Father, thank You for this reminder. Thank You for constantly working on more levels than I could possibly grasp. Help me not overthink things, but obey You fully and rejoice with childlike simplicity as Your child, purchased with the blood of the Lamb. Thank You. Praise God!

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Hearing God; August 5, 2022


Job 33:14 “For God does speak–now one way, now another–
though man may not perceive it.”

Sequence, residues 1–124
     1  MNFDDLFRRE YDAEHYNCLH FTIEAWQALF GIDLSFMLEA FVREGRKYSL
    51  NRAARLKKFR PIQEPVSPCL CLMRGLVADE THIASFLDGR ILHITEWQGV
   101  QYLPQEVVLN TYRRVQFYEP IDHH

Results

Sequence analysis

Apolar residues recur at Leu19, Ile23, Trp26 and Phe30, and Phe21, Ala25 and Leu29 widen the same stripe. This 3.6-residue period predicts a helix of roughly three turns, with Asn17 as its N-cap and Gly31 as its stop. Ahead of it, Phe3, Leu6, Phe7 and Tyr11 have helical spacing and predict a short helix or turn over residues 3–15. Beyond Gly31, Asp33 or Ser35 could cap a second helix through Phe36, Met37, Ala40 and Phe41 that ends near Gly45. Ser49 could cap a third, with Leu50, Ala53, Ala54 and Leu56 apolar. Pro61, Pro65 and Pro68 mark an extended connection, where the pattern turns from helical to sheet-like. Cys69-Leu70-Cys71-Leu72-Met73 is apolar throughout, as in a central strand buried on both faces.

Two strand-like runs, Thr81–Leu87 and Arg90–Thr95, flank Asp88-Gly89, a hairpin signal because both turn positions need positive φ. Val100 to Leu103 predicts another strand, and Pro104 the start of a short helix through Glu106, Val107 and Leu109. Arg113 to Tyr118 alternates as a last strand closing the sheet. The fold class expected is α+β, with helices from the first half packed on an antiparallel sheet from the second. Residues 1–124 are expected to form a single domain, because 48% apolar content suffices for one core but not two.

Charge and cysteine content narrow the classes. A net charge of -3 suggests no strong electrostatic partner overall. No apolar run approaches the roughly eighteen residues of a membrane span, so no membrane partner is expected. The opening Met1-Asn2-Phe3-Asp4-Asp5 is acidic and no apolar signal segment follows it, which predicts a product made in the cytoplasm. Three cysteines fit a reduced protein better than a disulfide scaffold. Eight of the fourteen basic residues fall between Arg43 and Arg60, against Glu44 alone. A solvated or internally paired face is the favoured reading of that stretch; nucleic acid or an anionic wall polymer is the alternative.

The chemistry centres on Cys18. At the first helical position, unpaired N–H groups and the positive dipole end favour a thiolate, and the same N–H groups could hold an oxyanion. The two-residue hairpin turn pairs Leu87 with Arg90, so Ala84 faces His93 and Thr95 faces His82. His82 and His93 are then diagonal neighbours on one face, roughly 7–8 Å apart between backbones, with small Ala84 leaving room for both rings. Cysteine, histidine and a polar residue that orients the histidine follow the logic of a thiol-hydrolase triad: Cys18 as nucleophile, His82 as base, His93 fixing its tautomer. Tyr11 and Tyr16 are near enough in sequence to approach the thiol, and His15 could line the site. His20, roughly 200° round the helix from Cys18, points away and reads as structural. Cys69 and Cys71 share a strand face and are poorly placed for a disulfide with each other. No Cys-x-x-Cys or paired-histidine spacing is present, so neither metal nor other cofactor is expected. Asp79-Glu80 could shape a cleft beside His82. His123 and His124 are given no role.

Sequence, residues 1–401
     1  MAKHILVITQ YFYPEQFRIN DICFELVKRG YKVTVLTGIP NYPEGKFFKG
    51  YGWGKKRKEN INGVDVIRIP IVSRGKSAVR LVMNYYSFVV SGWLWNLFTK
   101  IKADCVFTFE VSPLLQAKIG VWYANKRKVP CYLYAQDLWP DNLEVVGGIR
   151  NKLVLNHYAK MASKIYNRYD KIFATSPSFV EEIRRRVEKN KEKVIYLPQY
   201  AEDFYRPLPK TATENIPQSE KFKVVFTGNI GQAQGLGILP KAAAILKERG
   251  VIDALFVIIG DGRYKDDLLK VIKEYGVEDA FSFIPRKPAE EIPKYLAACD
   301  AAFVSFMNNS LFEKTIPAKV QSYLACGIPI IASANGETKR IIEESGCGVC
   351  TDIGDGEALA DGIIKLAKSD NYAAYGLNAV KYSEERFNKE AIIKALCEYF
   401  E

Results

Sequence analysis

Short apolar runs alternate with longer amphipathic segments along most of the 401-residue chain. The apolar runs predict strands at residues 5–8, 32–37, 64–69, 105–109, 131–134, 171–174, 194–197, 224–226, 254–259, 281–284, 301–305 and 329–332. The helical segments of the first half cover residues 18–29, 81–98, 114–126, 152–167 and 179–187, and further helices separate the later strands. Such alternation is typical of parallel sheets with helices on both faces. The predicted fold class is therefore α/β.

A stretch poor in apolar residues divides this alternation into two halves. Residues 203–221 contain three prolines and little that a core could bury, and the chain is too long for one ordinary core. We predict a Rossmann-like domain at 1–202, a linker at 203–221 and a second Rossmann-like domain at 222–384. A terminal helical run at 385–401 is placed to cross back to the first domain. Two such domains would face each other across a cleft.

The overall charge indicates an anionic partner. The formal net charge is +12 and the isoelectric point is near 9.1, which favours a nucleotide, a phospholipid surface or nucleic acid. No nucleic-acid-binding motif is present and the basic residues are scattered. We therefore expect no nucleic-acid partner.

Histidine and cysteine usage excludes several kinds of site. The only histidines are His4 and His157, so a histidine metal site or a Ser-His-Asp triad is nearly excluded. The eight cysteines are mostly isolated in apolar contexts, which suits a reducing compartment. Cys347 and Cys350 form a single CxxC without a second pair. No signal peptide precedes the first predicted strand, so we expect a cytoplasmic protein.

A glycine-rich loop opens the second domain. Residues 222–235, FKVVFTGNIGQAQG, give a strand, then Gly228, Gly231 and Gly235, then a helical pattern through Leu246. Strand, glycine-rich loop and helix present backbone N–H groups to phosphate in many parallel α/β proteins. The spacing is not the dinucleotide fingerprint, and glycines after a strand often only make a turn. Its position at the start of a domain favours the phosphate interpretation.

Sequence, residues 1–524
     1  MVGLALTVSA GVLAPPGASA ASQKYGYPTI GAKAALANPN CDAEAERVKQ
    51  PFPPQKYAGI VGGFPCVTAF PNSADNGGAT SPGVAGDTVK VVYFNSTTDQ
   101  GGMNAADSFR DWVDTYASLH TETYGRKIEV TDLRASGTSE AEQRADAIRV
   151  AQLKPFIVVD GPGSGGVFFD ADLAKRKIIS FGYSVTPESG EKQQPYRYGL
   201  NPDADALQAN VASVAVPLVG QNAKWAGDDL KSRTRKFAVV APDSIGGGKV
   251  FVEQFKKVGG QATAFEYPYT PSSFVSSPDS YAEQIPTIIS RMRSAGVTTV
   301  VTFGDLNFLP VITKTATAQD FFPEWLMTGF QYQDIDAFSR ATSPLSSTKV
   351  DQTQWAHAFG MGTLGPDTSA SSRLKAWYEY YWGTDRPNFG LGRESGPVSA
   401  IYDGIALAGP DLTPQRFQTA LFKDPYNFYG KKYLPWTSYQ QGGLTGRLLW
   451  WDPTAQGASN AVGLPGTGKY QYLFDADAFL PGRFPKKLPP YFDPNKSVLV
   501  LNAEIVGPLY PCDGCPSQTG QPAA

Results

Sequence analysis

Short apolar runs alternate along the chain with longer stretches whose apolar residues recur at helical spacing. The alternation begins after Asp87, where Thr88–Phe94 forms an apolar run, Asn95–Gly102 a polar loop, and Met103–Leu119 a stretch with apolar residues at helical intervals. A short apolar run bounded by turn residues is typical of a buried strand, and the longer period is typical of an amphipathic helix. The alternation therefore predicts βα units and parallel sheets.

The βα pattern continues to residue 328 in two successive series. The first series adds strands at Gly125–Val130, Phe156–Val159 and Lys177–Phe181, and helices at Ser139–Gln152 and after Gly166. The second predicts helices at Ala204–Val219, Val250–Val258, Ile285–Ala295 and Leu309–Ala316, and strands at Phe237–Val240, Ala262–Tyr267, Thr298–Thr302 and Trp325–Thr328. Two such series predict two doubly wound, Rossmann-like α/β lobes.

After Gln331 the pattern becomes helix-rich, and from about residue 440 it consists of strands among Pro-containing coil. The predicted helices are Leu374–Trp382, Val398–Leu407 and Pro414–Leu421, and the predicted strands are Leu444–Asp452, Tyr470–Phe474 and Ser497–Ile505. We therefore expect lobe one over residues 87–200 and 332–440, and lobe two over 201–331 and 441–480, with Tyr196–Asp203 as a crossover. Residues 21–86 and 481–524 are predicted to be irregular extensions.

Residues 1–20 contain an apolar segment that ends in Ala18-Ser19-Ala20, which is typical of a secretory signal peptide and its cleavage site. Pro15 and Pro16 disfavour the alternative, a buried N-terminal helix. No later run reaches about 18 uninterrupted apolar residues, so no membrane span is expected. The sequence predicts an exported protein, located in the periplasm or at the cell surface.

Elihu is something of a mystery because he wasn’t one of Job’s “three friends,” and he appears suddenly from chapter 32 and gives a long discourse that runs all the way through chapter 37, longer even than the space given to the Lord, who is recorded from chapter 38 through 41. 32:6 calls him “son of Barakel the Buzite,” and says he was younger than Job and his friends (as does 32:4). He isn’t mentioned in the Lord’s rebuke of Job’s friends (42:7-9), so who is he? A young man in our church over 20 years ago was fascinated by Elihu because he was a young person speaking wisdom (which is how our church member liked to think of himself) and he advanced the idea that Elihu might have been a manifestation of Christ. I’m not at all sure about that, but he does speak some good truth. This particular verse is something I’ve tried to get through to people for as long as I’ve been in ministry. The world says that people who “hear from God” are mentally unstable at best, because the devil is terrified that we will learn to listen accurately to God and do exactly what He says. That is of course a huge lie, as is everything the devil does. You could say that learning to hear God and obey Him is our prime purpose in being on earth! Most of the ways God speaks that are listed in this chapter aren’t very pleasant, but God speaks in pleasant ways as well. He tells us of His love through the love of parents or other family members, for example. The devil wants us to be afraid to hear God, much as the Israelites were afraid at Mt. Sinai. (Exodus 20:18-19) Moses said that was to teach them to obey God, (Exodus 20:20) but the devil distorts that to make us not want to hear God at all. And then there are the lying spirits that do such things as tell mothers to kill their children, all the while claiming to be God. If you’re afraid you’ll mishear God, then immerse yourself in the Bible; He’s not going to contradict Himself!